Horror Thoughts 10.05.2015

The air is cold and someone has hopefully awoken Green Day by now, which of course means that the Internet has positively exploded with fall fever. October has become a bit of a pastime in itself, a reason to change Twitter handles to something Halloween-themed (if you’re wondering, Bogert became Boggart), to get caught up in the so-called “skeleton wars,” and in my case to try in vain to experience that ostensibly strongest of negative affect: fear.

I say in vain because to be honest I don’t think I’ve ever actually been scared by a piece of fiction. Well, not since I was a kid, when my father ill-advisedly quipped, “Oh look, it’s your mom’s favorite movie” and a not-quite-old-enough-to-get-sarcasm me was scarred nigh indefinitely by an ad for Child’s Play.

Chucky notwithstanding, I’ve gotten a little tired of not being scared. So very frequently, I see horror films and novels plastered with promises — often by people I’m wont to trust — that this story will terrify me, that it will raise the hair on the back of my neck, that it will render useless the off position of my light switch at night. And so very frequently, I experience nothing of the sort. To wit: I watched The Exorcist alone in the basement with the lights out, and subsequently slept like a baby.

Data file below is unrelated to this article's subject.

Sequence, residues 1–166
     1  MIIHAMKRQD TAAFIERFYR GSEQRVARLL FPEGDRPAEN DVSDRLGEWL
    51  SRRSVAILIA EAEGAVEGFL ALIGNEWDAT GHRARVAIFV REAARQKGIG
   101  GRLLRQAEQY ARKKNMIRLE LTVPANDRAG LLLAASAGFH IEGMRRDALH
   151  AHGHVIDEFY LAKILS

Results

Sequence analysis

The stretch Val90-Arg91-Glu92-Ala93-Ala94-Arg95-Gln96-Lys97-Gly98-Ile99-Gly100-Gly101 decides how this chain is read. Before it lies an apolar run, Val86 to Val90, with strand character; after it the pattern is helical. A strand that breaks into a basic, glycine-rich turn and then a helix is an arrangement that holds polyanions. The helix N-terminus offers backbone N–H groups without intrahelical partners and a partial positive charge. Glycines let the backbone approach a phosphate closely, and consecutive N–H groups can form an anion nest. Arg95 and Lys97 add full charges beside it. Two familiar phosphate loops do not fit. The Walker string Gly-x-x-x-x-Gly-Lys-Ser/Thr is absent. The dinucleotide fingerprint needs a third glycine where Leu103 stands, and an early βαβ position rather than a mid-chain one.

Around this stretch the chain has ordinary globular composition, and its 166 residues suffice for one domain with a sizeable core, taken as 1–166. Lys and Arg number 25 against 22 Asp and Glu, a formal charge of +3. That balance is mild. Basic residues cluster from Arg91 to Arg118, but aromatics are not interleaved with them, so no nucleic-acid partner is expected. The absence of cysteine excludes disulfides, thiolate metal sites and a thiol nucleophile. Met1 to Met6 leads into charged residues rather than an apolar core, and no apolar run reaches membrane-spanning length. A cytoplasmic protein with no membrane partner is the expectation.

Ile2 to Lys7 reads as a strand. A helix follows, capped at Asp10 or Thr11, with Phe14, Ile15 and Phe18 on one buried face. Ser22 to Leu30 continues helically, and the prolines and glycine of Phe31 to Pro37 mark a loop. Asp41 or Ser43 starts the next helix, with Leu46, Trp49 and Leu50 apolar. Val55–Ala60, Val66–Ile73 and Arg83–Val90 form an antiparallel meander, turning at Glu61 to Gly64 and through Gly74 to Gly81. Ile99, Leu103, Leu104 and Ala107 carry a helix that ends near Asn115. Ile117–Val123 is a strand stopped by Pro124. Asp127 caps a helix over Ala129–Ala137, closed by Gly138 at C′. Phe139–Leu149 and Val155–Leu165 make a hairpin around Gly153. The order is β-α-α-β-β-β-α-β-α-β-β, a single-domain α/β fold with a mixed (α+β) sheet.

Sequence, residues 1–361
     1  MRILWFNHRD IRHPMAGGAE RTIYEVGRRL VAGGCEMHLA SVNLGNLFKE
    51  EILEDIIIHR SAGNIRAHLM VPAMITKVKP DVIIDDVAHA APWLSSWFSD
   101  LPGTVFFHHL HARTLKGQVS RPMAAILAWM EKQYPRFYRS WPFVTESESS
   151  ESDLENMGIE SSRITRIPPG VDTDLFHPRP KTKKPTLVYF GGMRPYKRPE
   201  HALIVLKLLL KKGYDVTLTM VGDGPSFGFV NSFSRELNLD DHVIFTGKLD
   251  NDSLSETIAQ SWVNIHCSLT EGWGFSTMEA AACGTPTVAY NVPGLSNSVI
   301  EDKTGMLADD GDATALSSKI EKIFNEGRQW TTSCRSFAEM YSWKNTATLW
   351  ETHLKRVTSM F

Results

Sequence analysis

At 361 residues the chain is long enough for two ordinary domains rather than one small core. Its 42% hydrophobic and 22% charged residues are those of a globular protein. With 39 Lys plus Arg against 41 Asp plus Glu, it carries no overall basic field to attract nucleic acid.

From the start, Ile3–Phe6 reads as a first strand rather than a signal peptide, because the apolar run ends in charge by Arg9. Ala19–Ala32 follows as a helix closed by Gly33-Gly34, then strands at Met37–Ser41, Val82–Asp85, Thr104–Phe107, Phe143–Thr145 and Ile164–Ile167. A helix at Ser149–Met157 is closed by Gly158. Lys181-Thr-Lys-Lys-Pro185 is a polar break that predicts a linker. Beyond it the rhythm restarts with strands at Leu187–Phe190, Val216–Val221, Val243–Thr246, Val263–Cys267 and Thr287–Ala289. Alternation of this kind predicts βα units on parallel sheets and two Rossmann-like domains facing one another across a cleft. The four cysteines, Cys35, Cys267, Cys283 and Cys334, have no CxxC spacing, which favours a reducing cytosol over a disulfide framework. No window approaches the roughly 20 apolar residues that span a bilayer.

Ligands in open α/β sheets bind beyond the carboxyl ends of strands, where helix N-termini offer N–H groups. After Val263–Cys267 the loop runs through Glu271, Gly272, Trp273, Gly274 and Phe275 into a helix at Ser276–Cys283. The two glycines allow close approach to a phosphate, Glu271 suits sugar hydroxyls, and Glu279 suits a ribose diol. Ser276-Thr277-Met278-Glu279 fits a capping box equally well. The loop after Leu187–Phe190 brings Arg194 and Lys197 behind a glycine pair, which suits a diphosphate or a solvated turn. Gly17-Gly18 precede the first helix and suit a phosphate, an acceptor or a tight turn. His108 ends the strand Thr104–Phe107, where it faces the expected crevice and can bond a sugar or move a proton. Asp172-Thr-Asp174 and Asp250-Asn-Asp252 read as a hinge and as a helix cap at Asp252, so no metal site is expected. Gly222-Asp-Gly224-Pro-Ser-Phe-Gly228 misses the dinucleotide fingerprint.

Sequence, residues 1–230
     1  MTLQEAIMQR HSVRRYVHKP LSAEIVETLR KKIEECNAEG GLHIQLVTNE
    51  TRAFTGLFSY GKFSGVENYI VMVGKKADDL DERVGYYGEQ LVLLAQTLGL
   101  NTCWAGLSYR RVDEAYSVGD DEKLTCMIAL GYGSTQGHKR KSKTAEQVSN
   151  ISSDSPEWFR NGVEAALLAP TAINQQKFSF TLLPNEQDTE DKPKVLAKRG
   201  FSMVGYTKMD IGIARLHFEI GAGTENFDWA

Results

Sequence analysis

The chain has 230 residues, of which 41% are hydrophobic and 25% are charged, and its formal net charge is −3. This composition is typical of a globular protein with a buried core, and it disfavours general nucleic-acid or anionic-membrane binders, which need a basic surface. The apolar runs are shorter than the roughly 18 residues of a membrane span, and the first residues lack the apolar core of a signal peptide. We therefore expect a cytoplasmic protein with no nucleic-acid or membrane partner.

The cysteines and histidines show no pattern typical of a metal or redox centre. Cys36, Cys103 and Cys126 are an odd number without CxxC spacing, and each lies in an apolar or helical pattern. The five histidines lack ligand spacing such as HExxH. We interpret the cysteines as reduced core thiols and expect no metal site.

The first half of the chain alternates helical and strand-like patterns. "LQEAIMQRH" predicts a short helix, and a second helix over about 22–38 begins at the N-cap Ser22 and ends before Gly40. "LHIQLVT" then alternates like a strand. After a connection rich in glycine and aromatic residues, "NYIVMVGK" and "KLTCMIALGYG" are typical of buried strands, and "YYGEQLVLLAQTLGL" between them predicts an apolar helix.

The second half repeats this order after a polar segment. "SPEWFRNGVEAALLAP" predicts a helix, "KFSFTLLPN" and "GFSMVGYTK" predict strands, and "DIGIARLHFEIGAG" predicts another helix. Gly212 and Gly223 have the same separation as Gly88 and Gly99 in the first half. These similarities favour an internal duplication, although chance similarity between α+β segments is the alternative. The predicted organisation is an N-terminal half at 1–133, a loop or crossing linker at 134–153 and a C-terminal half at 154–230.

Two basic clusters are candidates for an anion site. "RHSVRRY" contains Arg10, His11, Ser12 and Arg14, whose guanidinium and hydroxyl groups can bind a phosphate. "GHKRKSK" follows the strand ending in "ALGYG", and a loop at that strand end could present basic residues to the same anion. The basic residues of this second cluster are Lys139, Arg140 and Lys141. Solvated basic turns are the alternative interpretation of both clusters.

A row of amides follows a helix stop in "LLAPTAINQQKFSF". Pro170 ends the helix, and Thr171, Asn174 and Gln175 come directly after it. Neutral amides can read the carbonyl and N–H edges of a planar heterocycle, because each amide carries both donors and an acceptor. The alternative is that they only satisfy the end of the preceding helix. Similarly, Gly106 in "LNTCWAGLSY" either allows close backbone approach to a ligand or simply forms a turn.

So this month, in the spirit of the season, I’ve turned myself towards the task of watching a lot of horror, in the hopes that something will live up to the hype and actually unsettle me. I figured if I’m going to watch so many movies I may as well at least also briefly mention my thoughts on them, and so this is the first of what will be four or five posts encapsulating my experience. Stay tuned to see if anything actually scares me.

Also, while I have grown to dislike the idea of rating for quality, I figured I’d toss in an appraisal of enjoyment, a la the Goodreads system. So: 1/5 Didn’t like it, 2/5 Meh, 3/5 Liked it, 4/5 Really liked it, 5/5 Loved it.

The Shining, 1980 (2/5). This is probably a competent flick (Kubrick is known for meticulous film craft, after all), but it is an absolutely awful adaptation of the book. Stephen King’s Overlook is actually pretty creepy. Metaphoric (but all too real) wasp nests and a sinister game of Red Light, Green Light with the hotel’s hedge menagerie are among my favorite things in the novel, but neither made it into the movie. I also think that real fear depends on a degree of subtlety that Jack is really lacking in this film; he pretty much starts off the film as an edgy and unstable-seeming man, which makes his descent into madness too telegraphed and not very tragic.

Funny Games, 1997 (3/5). I’m told the 2007 remake is incredibly faithful to the original, to the point where seeing one is as good as seeing the other. I hadn’t seen either, though a friend (upon seeing I was watching this) told me it’s her favorite in the genre. I can half understand that: this story of a well-to-do family’s nightmare of a home invasion is gripping and meticulously designed. The hopelessness it depicts is uncomfortably nonchalant, and everything that happens feels both inevitable and completely unnecessary. I’m still not sure how I feel about the movie’s approach to audience awareness — it’s either genius or it completely undermines the film, no real room for middle ground — but the movie has permanently changed the way I view the game Hot or Cold, so that’s something.